Mental Health Spotlight: Spotlight on Suicide Prevention


Wednesday night was a pretty special night for me. After decades of fandom, I finally saw Peter Frampton. Frampton Comes Alive was one of the first albums that I ever owned, and I listened to it to the point of chiseling grooves into the old 33 RPM. For those younger readers, before digital everything, record players kept our teen years occupied.

Music has always been a safe place for me with my illness in addition to one of my passions. I’ve never given up my love for playing acoustic guitar, albeit rather poorly. Midway through the concert, an amazing thing happened. Mr. Frampton spoke briefly about his instrumental Grammy winning album, “Fingerprints,” more specifically one track, Black Hole Sun.

Any fans of Chris Cornell, Audioslave and/or Soundgarden know who he is, his body of work and untimely suicide. Although when it comes to suicide, is there any such thing as a timely one? It seems more and more entertainment figures have succumbed to this terrible fate from whatever mental health diseases they endure.

It’s difficult imaging why those who are incredibly successful choose this end. They seem to be on top of the world, no financial worries, apparent storybook lives. Perhaps that is the best way to understand this disease called “mental illness.” One in five have it and when it comes to suicide, there is no rhyme or reason, it is the final action. The decision center of the mind is broken. It’s not more complicated than that. These people we look up to, admire and emulate may have the perfect lives to the casual onlooker, which we all are, but inside they are fighting a very difficult struggle. The frequency of this issue has become so severe, a national light has been cast on it. By the time this article goes to print, the time will have passed on a Town Hall Meeting, moderated by Anderson Cooper on suicide on CNN. I am sure that the broadcast can be streamed by the time you read this, and/or a transcript will be available. I will update you in the next issue with any applicable links related to this important program.

I’ve never been enough of a fanboy to place anyone in the public eye on any higher pedestal than anyone else. Sure, I enjoyed the Frampton concert, but if I were to meet him, I’d prefer discussing normal stuff but I don’t know him at all so where would I begin? Conversely, we are surrounded by heroes every day who never get their credit, pay or live that same illusory storybook life. Odds are you know one, have them in your family or talk to them on a consistent basis. If the same fate were to befall them, would it have the same impact as a celebrity you’ve never met?

The reason I ask this is that we all have the opportunity to connect with those who struggle in our friend circle, families and community. Our companionship can make all of the difference when those afflicted hit the wall where that decision-making process is no longer functional. For those who are the one in five who deal with a mental illness, identify a friend or family member who accepts you through the stigma. It may even be a person you know from group therapy. Explain to that person how it feels when you are slipping, the signs that you are having a bad day and may require a little help. Ensure they have emergency numbers like the one below this article in the event you may require help.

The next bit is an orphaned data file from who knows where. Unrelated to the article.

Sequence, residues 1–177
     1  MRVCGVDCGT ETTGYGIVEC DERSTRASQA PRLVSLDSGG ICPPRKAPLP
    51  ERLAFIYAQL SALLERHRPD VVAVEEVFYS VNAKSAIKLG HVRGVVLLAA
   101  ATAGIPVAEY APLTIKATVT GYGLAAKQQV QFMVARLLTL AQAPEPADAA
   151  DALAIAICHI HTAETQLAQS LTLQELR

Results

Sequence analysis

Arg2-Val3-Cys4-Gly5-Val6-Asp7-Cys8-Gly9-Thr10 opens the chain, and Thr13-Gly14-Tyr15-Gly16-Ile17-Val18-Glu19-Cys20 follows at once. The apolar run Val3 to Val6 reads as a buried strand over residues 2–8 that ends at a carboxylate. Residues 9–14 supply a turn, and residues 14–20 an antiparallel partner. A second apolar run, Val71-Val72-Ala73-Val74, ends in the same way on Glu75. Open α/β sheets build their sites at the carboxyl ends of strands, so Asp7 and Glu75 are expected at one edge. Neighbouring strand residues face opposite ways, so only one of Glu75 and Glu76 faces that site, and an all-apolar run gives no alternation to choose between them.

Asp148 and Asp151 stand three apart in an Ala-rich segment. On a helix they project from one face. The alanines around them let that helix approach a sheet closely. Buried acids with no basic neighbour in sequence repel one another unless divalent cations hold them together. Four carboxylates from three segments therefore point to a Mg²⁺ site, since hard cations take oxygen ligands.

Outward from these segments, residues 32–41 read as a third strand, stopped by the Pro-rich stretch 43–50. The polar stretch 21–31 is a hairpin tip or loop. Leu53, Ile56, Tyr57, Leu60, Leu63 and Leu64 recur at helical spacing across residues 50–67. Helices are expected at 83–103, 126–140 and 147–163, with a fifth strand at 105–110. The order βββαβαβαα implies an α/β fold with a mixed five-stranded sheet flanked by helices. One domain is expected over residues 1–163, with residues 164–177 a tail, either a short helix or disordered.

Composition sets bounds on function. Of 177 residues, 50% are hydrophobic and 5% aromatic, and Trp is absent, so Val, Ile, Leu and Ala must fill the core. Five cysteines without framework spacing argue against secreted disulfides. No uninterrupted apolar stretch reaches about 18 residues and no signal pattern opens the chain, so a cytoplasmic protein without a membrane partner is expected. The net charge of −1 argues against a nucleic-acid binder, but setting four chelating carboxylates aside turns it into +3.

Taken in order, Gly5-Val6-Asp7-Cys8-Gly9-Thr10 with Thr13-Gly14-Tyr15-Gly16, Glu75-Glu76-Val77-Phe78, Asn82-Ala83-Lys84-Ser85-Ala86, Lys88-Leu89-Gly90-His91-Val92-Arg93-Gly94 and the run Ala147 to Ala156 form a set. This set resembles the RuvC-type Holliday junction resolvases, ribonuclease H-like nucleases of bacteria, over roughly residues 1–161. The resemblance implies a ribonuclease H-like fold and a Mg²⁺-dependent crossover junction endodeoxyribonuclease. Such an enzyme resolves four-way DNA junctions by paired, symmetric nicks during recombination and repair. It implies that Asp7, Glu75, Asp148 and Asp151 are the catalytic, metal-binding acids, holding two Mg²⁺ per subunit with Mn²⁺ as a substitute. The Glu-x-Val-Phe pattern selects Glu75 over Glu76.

We are our own advocates and must proactively take care of ourselves, but some days we need a little help from our friends, as the Beatles remind us. It’s not a backslide, nor are you a failure if help becomes necessary. This is the nature of the illnesses we all suffer. Think about it, if you are a diabetic, have you asked a friend or family member to help with insulin injections or medications in the case of emergency? I would even go so far as creating a Wellness Recovery Action Plan (WRAP) with realistic expectations and review with that one or two people you have chosen as a wellness partner. Also, prep a mental health first aid kit with things that are uplifting. They might include photographs, memories, or – in my case – music, anything that makes you feel better and grounds you in the here and now.

Remember, you are more important than anyone you may look up to in the entertainment field. You are unique, loved and irreplaceable. Treat yourself this way.

NEED HELP? IN THE U.S., CALL 1-800-273-8255 FOR THE NATIONAL SUICIDE PREVENTION LIFELINE.*Mental Health Spotlight is an opinion based column. Any resources mentioned are provided for informational purposes only and should not be used to replace the specialized training and professional judgment of a health care or mental health care professional.

Mental Health Spotlight is Written by Fred Terling for Pennsylvania Bridges